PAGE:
6 Raoult s Law P A = X A P A o Vapor Pressure lowering P A = vapor pressure over solution X A = mole fraction of component A (solvent) P Ao = vapor pressure of pure component A (solvent) also P A = (1 X B ) P A o where X B = mol fraction of B (solute) At 25 o C, the vapor pressure of benzene is atm, i.e. P Ao = atm. If 6.40 g of naphthalene (C 10 H 8, g/mol) is dissolved in 78.0 g of benzene (78.0 g/mol), calculate the vapor pressure of benzene over the solution At 25 o C, the vapor pressure of benzene is atm, i.e. P Ao = atm. If 6.40 g of naphthalene (C 10 H 8, g/mol) is dissolved in 78.0 g of benzene (78.0 g/mol), calculate the vapor pressure of benzene over the solution At 25 o C, the vapor pressure of benzene is atm, i.e. P Ao = atm. If 6.40 g of naphthalene (C 10 H 8, g/mol) is dissolved in 78.0 g of benzene (78.0 g/mol), calculate the vapor pressure of benzene over the solution Raoult s Law says P A = X A P A o Raoult s Law says P A = X A P A o therefore we need X A therefore we need X A let A = benzene n A =? n B =? n A = 78.0 g benzene (1 mol/78.0 g) = 1.00 mol benzene n B = 6.40 g naph. (1 mol/ g) = mol naph. and P A = P benzene = (1.00/1.0499)(0.125) = atm note: P = P A P Ao = X A P Ao P Ao = P Ao (X a -1) or P = -X B P A o

7 Boiling Point Elevation and Freezing Point Depression Boiling Point Elevation T b = T b T b = K b m where m is the molal concentration Freezing Point Depression T f = T f T f = - K f m where m is the molal concentration. [note the definition and the negative sign!!!] for H 2 O, K b = o C/m and K f = 1.86 o C/m Consider a water solution which has mol of sucrose in kg of water. Therefore it has a concentration of molal or mol/kg. (a) When 5.50 g of biphenyl (C 12 H 10, g/mol) is dissolved in 100 g benzene (C 6 H 6, 78.0 g/mol), the BP increases by o C. Calculate K b for benzene. recall K b = 0.52 o C/m and K f = 1.86 o C/m What is the boiling point and freezing point of this solution?

8 (a) When 5.50 g of biphenyl (C 12 H 10, g/mol) is dissolved in 100 g benzene (C 6 H 6, 78.0 g/mol), the BP increases by o C. Calculate K b for benzene. K b = 2.53 K kg/mol (b) When 6.30 g of an unknown hydrocarbon is dissolved in g of benzene, the BP of the solution increases by o C. A sample of sea water contains the following in L of solution. Estimate the freezing point of this solution. Na + = 4.58 mol Cl- = mol Mg 2+ = mol SO 2-4 = mol Ca 2+ = mol HCO - 3 = mol K + = Br - = mol neutral species = mol Sum of species = mol What is the MW of the unknown substance? Consider Exercise 13.9 List the following aqueous solutions in increasing order of their expected freezing points m CaCl m NaCl 0.10 m HCl m HOAc 0.10 m C12H 22 O 11 Consider Exercise 13.9 List the following aqueous solutions in increasing order of their expected freezing points m CaCl 2 x 3 = m NaCl x 2 = m HCl x 2 = m HOAc x 1 = m C 12 H 22 O 11 x 1 = 0.10 These calculations assume total dissociation of the salts and zero dissociation of the last two. This effect of the dissociation of electrolytes is usually taken into account through the van Hoff i factor. T b = i K b m where it is defined as Osmosis (get started) T f(actual) K f m effective m effective i = = = T f(ideal) K f m ideal m ideal In real systems, these i factors are NOT integers, but rather fractions whose values depend on concentration.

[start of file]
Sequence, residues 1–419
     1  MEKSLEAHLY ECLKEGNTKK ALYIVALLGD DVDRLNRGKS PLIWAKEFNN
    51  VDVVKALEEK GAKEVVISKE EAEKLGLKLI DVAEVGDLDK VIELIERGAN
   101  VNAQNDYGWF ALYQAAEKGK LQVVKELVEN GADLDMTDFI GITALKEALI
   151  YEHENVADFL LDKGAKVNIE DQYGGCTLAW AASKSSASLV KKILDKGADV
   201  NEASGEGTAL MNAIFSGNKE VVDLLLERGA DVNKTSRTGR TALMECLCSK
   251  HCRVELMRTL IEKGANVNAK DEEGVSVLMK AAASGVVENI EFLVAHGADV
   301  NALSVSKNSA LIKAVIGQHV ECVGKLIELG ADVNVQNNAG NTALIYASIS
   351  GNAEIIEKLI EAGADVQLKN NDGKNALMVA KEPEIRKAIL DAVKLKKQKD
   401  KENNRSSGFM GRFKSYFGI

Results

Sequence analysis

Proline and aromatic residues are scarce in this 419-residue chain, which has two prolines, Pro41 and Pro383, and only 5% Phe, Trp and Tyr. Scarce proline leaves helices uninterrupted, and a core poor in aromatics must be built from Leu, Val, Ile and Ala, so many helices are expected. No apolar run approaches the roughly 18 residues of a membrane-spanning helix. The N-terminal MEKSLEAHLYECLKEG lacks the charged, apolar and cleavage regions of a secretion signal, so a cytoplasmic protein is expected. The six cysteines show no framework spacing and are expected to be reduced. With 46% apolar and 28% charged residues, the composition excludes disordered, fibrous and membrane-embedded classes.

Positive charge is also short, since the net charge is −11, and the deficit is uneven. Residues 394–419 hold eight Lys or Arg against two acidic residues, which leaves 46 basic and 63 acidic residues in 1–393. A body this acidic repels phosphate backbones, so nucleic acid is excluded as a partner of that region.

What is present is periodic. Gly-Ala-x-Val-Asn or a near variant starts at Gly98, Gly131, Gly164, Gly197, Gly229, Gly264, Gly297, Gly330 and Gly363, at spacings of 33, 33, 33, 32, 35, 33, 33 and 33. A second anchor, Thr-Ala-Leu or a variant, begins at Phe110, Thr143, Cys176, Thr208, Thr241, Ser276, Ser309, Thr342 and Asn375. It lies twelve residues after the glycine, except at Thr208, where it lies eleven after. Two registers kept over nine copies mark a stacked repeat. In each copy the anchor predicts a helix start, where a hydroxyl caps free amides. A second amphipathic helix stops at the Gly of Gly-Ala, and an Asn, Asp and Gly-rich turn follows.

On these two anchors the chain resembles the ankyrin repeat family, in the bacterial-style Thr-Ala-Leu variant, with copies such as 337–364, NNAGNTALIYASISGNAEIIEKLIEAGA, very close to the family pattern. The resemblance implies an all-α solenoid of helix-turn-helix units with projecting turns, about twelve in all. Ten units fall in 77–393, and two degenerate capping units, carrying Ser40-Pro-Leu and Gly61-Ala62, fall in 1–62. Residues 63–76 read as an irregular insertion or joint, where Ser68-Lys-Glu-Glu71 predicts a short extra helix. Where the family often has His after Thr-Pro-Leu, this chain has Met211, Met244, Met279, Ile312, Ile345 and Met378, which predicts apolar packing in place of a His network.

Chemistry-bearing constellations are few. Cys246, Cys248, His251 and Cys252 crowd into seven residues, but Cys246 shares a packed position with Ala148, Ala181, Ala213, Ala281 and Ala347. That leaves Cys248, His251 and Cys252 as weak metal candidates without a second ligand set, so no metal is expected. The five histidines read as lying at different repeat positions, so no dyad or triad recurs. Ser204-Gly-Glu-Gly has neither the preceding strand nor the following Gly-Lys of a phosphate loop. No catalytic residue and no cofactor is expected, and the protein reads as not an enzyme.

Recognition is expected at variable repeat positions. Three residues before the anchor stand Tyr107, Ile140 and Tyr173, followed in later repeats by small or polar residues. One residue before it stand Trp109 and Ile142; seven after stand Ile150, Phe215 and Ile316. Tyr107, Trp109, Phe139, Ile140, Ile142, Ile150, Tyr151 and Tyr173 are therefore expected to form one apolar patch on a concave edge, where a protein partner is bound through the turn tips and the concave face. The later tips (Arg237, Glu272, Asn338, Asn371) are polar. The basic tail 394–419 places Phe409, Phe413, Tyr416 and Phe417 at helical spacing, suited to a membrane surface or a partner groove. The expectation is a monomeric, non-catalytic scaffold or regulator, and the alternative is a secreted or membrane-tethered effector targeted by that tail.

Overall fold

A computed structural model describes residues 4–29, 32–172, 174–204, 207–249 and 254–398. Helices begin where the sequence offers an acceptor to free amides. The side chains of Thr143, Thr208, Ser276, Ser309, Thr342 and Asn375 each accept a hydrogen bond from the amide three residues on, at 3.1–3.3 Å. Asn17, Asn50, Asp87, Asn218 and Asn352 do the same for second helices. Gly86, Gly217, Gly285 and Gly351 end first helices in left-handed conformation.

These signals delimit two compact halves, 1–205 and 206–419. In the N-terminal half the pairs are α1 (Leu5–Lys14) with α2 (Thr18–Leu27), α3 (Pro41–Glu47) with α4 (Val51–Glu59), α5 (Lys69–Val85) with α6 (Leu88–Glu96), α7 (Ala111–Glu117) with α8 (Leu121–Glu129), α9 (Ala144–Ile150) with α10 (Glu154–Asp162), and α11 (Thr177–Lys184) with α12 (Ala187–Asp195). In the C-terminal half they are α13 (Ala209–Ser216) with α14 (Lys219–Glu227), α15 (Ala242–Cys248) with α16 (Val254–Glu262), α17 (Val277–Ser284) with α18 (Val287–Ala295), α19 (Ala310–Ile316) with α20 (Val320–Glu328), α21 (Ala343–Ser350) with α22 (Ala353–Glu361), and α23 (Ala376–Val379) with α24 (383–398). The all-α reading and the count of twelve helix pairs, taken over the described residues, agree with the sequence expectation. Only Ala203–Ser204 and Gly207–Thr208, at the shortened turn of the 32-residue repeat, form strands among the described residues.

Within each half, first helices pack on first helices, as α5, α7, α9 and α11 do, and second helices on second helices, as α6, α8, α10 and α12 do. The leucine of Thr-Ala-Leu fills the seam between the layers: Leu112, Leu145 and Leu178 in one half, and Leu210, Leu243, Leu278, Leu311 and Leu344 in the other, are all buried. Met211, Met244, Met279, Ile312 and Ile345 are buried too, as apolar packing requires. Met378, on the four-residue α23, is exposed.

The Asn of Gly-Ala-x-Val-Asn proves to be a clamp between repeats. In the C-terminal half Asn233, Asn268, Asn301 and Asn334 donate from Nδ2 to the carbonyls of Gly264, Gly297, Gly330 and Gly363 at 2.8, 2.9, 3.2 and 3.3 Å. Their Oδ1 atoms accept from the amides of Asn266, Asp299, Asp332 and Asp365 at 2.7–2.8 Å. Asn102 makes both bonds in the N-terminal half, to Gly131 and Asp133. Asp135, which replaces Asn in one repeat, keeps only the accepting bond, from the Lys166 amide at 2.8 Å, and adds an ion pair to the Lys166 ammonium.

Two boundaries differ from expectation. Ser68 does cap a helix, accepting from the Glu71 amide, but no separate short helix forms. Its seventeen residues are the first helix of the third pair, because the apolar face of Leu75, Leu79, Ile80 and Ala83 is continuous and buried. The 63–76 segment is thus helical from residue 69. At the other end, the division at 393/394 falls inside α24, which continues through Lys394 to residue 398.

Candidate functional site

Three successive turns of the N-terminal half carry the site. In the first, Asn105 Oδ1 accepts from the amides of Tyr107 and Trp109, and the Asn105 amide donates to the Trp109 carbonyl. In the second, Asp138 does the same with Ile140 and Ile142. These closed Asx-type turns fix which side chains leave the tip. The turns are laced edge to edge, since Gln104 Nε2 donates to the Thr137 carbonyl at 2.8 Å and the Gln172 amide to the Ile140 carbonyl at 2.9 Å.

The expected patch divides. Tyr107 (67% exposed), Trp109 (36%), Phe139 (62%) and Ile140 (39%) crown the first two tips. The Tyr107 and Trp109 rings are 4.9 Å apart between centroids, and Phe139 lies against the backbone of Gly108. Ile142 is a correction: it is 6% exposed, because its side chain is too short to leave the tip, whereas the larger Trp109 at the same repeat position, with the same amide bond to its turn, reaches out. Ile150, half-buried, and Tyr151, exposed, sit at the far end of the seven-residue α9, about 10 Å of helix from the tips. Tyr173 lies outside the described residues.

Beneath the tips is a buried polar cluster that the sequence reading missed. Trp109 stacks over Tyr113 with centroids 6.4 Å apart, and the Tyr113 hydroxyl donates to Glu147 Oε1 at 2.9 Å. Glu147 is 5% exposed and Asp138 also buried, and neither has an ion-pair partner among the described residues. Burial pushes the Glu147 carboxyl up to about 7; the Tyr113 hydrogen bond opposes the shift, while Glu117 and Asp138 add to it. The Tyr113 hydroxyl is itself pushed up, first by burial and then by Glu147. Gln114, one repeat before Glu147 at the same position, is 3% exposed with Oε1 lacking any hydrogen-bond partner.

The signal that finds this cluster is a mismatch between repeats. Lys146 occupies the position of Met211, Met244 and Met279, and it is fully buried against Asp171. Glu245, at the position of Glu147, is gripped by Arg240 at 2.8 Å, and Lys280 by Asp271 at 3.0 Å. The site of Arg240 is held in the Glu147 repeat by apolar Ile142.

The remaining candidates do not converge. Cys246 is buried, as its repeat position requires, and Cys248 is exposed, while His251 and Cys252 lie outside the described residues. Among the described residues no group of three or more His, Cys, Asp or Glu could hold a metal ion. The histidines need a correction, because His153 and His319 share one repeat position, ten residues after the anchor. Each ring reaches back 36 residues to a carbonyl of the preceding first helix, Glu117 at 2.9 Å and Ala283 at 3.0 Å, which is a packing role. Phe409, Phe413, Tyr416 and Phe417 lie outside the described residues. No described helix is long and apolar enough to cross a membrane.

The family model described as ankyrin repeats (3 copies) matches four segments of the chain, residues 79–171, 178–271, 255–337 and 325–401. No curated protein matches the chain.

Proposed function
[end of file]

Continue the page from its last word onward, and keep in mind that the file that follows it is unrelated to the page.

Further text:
9 Osmotic Pressure: a fascinating behavior. Yet it is the result of a very simple tendency to equalize the concentrations of solutions. The critical part is the membrane!!! Osmotic Pressure or π = (n/v) R T π V = n R T or π = M R T π = ρ g h, where ρ = density of solution g = m s -2 h = height of column π = ρ g h, where ρ = density of solution g = m s -2 h = height of column If h = 0.17 m of a dilute aqueous soln with ρ = 1.00 g/cm 3 π = [(1.00g/cm 3 )(10-3 kg/g)(106 cm 3 /m 3 )](9.807 m/s 2 )(0.17 m) = 1.7 x 103 kg m -1 s -1 = 1.7 x 10 3 Pa A chemist dissolves 2.00 g of protein in L of water. The observed osmotic pressure is atm at 25 o C. What is the MW of the protein? or = (1.7 x 10 3 Pa) / (1.013 x 10 5 Pa/atm) = atm

10 Fractional Distillation How it s done Real solutions do not behave ideally!